On January 14, 1790, the first Secretary of the Treasury, Alexander Hamilton, presented his First Report on Public Credit to the Congress in which he recommended that the Federal Government assume the troubled debts of the individual states which had accrued during the Revolutionary War. The amount of debt to be assumed by the Federal Government was about $25 million. On September 18, 2008, Hamilton's successor, Secretary Henry Paulson, presented a somewhat similar plan to Congress. In response to severe and growing pressure on the credit markets, he recommended that the Federal Government assume the troubled debt instruments held by various private financial institutions. The amount of debt to be assumed by the Federal Government in 2008 was $700 billion.

The original Paulson plan was about three pages long and vested considerable discretion in the Secretary in administering the program. It even specified that there would be no jurisdiction in any agency or court to review the decisions of the Treasury in implementing the program.

After hearings in the Senate Banking and House Financial Services Committees and days of negotiations between members of Congress and the Administration, the parties reached tentative agreement on a 110 page Emergency Economic Stabilization Act of 2008 (EESA). The major provisions of the House version of the EESA are:

  • EESA provides up to $700 billion to the Secretary of the Treasury to establish a Troubled Assets Relief Program (TARP). TARP is authorized to buy mortgages and other assets that are clogging the balance sheets of financial institutions. The Secretary is given the authority to manage the troubled assets, including the ability to determine the terms and conditions for the disposition of troubled assets. In administering TARP, the Treasury must consult with the Board of Governors of the Federal Reserve System, the Federal Reserve of New York, the FDIC, the OCC, the OTS and the Secretary of Housing and Urban Development.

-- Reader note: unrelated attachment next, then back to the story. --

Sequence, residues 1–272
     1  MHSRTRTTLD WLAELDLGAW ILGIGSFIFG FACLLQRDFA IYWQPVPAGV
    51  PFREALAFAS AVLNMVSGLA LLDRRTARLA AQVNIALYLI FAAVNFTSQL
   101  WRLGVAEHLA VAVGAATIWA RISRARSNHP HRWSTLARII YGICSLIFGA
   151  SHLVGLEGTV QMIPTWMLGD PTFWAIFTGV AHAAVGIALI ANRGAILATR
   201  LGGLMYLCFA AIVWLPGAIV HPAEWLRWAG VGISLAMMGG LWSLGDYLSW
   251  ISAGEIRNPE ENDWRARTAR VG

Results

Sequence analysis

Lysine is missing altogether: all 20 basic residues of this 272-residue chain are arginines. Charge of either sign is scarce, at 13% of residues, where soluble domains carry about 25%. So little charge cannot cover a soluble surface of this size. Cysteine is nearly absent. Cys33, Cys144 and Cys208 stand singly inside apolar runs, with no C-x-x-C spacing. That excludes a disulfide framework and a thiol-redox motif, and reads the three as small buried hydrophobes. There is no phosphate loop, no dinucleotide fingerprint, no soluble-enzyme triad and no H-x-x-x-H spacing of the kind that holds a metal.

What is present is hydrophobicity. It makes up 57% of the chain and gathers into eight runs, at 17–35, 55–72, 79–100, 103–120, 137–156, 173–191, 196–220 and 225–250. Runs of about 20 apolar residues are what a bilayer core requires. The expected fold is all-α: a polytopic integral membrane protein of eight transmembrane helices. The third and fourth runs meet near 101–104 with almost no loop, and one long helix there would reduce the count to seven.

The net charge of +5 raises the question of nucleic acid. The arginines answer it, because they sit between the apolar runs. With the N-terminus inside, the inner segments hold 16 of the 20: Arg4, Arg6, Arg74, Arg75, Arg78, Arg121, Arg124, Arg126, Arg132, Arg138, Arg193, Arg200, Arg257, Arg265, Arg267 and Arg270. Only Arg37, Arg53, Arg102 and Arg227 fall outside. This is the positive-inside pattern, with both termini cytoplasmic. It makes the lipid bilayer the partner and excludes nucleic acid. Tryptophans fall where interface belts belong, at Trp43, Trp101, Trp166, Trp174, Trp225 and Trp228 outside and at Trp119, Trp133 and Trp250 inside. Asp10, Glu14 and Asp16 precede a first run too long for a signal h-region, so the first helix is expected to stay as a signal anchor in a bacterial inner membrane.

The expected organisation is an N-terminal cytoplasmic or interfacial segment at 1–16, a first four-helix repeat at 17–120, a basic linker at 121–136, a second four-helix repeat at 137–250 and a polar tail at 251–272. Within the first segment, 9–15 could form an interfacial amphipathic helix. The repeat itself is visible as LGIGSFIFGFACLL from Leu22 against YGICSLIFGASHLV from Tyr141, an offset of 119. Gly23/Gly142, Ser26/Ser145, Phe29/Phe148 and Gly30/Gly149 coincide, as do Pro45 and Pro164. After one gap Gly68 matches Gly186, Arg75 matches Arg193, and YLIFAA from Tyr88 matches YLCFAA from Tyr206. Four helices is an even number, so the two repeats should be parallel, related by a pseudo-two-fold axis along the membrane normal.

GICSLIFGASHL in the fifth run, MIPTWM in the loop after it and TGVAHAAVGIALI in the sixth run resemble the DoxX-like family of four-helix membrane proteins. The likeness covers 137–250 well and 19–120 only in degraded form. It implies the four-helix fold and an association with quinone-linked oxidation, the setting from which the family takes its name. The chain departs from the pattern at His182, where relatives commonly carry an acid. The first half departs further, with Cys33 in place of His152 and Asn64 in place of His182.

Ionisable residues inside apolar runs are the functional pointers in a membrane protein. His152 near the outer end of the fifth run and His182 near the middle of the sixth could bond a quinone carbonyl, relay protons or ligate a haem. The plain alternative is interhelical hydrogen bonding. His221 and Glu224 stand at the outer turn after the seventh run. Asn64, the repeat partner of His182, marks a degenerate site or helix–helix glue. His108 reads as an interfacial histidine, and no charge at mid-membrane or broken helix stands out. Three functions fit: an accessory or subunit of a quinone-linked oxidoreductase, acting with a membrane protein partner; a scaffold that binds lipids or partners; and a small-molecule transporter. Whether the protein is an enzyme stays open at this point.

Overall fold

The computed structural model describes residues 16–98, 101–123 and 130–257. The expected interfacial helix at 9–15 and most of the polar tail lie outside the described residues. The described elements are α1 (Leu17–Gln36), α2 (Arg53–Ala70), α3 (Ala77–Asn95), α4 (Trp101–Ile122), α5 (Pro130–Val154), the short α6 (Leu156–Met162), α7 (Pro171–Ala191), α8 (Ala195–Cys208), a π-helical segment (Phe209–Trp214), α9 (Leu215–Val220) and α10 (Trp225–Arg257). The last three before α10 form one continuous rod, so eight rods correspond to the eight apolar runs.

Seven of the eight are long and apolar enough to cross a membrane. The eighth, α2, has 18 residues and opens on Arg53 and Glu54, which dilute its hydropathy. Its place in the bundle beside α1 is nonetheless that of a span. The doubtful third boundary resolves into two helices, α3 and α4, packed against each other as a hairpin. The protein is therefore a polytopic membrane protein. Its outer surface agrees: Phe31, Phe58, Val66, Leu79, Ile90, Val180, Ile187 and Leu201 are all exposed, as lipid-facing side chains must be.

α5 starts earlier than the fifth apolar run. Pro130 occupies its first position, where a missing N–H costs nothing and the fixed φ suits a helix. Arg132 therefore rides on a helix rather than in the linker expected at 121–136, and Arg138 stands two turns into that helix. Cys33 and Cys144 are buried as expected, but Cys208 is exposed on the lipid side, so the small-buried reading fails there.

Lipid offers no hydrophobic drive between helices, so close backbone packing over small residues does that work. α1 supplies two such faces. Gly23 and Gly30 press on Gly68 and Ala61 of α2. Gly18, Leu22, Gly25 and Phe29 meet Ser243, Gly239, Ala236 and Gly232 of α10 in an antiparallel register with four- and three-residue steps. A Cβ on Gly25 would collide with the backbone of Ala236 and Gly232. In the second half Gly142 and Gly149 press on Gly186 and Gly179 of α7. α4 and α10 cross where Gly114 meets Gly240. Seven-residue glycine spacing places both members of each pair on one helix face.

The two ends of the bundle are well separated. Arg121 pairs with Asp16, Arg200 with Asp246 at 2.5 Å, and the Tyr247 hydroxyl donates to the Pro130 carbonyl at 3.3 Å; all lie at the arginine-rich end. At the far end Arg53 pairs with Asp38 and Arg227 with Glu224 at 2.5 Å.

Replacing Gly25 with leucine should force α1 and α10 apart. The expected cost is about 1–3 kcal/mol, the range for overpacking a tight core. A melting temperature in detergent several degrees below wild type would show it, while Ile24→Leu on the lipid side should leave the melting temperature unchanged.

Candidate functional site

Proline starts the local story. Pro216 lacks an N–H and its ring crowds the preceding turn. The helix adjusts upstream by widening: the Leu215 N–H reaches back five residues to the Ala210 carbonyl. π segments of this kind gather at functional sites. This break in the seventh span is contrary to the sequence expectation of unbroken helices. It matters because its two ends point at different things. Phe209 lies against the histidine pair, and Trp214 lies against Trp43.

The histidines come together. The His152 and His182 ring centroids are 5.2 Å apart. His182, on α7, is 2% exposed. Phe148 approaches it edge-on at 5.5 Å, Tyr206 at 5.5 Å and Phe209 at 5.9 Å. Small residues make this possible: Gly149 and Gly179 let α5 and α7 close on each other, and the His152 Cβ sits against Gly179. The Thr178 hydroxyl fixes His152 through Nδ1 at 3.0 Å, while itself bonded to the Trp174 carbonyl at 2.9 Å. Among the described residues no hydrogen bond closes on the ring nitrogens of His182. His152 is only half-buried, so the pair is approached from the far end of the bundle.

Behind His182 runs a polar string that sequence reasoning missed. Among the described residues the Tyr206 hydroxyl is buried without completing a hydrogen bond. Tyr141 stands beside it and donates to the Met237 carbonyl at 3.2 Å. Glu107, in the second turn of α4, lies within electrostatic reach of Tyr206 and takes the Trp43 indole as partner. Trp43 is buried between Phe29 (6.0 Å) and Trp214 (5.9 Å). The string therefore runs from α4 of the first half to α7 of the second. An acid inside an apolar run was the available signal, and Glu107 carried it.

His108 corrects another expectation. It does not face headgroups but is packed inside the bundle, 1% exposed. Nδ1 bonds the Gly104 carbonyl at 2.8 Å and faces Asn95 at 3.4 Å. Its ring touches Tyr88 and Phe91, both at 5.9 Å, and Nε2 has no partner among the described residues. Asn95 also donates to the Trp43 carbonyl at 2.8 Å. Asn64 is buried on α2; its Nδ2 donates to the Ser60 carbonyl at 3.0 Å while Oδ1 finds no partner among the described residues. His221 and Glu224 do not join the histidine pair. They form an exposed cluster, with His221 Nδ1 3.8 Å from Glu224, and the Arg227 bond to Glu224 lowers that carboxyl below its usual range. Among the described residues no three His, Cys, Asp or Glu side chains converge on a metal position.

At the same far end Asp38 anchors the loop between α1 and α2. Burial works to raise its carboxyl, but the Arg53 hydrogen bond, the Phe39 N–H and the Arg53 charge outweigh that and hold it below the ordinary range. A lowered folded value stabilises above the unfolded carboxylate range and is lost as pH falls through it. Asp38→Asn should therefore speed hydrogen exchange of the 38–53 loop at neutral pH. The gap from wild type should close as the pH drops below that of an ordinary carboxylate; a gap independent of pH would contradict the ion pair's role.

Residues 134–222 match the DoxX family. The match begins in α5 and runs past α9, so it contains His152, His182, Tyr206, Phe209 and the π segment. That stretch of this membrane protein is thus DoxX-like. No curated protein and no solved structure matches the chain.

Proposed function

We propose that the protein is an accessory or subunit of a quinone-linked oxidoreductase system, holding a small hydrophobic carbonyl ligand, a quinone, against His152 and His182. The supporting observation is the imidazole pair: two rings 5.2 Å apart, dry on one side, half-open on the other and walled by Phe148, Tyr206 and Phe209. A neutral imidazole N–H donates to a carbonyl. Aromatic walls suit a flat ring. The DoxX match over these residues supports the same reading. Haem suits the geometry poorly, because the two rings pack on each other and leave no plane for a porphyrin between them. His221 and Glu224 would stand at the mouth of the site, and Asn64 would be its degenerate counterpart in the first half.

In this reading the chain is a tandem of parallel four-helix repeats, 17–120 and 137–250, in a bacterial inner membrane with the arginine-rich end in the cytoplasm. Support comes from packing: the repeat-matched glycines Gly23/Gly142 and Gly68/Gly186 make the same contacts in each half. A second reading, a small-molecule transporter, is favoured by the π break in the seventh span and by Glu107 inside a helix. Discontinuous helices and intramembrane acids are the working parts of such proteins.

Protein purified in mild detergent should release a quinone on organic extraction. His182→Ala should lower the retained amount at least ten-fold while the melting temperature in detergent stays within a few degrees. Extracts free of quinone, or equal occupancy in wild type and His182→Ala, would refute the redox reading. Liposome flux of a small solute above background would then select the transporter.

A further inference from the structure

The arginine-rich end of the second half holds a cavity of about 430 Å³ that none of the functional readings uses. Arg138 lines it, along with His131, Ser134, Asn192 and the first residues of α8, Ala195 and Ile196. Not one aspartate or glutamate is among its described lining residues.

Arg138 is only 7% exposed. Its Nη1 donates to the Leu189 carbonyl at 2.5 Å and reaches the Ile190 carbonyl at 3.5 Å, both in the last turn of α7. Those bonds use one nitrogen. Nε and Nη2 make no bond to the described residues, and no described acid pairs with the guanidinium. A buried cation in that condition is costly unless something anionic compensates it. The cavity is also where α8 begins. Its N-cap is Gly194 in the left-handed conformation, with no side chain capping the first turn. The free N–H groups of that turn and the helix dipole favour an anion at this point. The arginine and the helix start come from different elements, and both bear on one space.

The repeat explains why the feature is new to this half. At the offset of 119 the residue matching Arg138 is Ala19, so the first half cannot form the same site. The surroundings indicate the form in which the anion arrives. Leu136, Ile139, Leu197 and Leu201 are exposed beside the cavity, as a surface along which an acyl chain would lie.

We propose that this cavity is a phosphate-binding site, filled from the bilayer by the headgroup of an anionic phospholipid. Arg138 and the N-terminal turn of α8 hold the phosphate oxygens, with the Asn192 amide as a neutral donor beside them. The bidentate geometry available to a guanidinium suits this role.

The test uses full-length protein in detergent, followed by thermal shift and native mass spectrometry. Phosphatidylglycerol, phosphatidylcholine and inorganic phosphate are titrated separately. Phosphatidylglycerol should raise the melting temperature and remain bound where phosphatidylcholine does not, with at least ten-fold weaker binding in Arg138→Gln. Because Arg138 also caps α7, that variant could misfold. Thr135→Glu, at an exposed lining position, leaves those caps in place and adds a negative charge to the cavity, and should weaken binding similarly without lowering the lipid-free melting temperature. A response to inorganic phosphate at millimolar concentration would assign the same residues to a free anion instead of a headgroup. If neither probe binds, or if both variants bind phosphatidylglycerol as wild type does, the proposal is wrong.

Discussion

• EESA requires the Treasury to assist in modifying troubled loans under the HOPE for Homeowners program wherever possible to help American families keep their homes. It also directs other federal agencies to modify loans that they own or control.
  • The legislation requires companies that sell some of their bad assets to the government to provide warrants so that taxpayers will benefit from any future growth these companies may experience as a result of participation in this program. The legislation also requires the President to submit legislation that would cover any losses to taxpayers resulting from this program from financial institutions.
  • In order to participate in this program, companies will lose certain tax benefits and, in some cases, must limit executive pay. In addition, the bill limits "golden parachutes" and requires that unearned bonuses be returned.
  • Rather than giving the Treasury all the funds at once, the legislation gives the Treasury $250 billion immediately, which can be raised to $350 billion if the President certifies to Congress that the Treasury needs additional funds. The amount can be raised to a maximum of $700 billion upon a request of the President but Congress has 15 days to disapprove the request for additional funds by the adoption of a Congressional Joint Resolution.
  • EESA also authorizes the Comptroller General, acting through the Government Accountability Office (GAO), to exercise oversight of the implementation of TARP. These include oversight authority over transactions, procurement, terms and conditions of contracts and future commitments made by TARP. The GAO is required to submit reports on its findings to Congress at least every 60 days. It also establishes a TARP Special Inspector General to protect against waste, fraud and abuse.
  • Actions of the Treasury under the EESA are subject to judicial review under the Administrative Procedure Act and can be set aside if the actions are determined to be arbitrary or capricious.